Being present in the moment

Look at the world we currently live in. A big number of the population ranging from 10-year-olds to the elderly are neck bent towards the ground with eyes glued to their phones. Of course technology is an inevitable storm that has swept the world and is still doing so. However, since the storm hit, there has been a true disconnect between people, each other and the world.

Ages ago in Rwanda culture, appreciation of art, dance and song was a massive part of that which was treasured the most. Yes indeed, civilisation swept through and brought about an ease of doing a variety of things; things that offered people the same kind of entertainment but in a new and improved manner. Even so, it diminished the connection of man to the surrounding. 

Do you visit a beautiful area or place and the first thing you do is pull out your phone and post about where you are? It is not wrong to share with the world your moments, however, when that becomes all that you are fixated on, it ruins the moment.

There are numerous benefits that come with living in the moment and not letting peer pressure get to us. The fact that someone’s first instinct when they encounter something compelling is to brag to the world is no satisfaction at all. Trying to prove to the people around you that you live an exotic life every day kind of takes away the essence.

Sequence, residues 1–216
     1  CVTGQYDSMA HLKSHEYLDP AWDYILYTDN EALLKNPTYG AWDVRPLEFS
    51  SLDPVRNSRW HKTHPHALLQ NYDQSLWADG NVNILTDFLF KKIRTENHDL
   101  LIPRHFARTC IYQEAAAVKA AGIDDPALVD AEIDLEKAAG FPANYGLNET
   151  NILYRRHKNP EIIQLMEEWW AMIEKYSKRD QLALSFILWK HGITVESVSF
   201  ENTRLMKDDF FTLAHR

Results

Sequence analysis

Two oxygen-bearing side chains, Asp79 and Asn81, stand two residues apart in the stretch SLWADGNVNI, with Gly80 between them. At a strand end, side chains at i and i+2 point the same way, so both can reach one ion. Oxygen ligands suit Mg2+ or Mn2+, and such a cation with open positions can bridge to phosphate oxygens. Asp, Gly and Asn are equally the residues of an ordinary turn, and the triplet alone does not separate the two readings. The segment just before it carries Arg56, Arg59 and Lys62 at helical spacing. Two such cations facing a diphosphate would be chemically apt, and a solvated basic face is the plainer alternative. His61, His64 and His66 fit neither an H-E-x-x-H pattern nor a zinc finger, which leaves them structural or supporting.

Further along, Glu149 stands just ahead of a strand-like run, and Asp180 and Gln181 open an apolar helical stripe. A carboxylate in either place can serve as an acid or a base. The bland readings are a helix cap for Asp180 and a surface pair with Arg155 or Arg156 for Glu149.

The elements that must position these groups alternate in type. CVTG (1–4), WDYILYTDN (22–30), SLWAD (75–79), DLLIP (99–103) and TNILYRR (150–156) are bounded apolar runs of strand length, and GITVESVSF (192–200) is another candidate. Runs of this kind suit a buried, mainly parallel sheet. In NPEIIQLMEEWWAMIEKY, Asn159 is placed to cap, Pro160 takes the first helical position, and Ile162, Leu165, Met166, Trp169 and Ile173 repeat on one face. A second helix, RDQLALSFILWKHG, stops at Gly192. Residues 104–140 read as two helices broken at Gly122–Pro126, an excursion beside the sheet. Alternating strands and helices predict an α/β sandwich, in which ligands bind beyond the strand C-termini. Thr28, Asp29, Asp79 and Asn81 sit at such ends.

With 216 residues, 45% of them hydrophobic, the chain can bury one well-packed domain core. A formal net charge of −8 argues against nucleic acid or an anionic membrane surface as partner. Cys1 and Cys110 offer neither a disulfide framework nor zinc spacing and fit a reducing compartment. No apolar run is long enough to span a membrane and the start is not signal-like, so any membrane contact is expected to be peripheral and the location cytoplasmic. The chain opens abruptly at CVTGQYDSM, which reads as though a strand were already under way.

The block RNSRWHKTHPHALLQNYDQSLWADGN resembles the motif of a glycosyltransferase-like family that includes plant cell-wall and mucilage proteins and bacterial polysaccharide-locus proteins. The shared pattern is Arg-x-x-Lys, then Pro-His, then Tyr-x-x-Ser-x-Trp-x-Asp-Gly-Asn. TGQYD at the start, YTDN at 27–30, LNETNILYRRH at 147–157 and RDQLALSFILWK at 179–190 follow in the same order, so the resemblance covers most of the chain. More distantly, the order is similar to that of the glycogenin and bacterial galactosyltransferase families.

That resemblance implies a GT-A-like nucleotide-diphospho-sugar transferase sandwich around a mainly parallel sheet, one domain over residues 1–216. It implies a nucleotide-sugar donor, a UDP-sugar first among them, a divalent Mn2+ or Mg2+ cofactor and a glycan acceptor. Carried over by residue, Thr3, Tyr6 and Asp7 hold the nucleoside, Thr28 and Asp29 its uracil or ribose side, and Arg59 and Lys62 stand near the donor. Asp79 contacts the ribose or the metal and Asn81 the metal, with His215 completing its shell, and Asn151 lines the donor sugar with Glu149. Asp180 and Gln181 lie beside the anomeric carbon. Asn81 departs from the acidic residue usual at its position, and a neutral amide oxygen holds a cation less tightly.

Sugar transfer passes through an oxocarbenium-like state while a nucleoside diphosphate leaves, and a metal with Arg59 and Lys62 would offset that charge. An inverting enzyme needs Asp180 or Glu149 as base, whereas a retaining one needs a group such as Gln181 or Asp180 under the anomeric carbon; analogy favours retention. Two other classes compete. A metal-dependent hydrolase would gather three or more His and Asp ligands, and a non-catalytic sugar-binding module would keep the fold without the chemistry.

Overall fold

The pressure of competing with another person’s lifestyle is thrown off when you place your phone down. You are able to let all the goodness of your surrounding sink in. only then will you fully appreciate the beauty of nature.

Reduced anxiety and depression, improved attention, increased happiness and greater self-awareness is a token of what is derived from living in the moment. In many occasions, even when you decide you are going to hang out with a couple of your friends, 70 per cent of the time is spent on devices. This creates a disjoint. In order for us to evolve as a race, communication is key, face-to-face communication to be precise.

There was a time when phones were attached to the walls. I am sure people left the house, carried on with work, made time for grabbing a snack with friends, and picked the kids up from school.

Different connections, whether work-related or social, can be established through genuine conversations that are held face-to-face, where you can see for yourself someone’s emotional response towards something, as opposed to being sent an emoji as an expression.

Once in a while people need a break from the devices that disconnect us from nature and each other. Yes, everything is going digital as we evolve. Nonetheless, our emotions are still intact, even though emoji’s seem to be taking over, but they cannot truly express total happiness, heartache or disappointment, the way facial interaction can.

editor@newtimesrwanda.com

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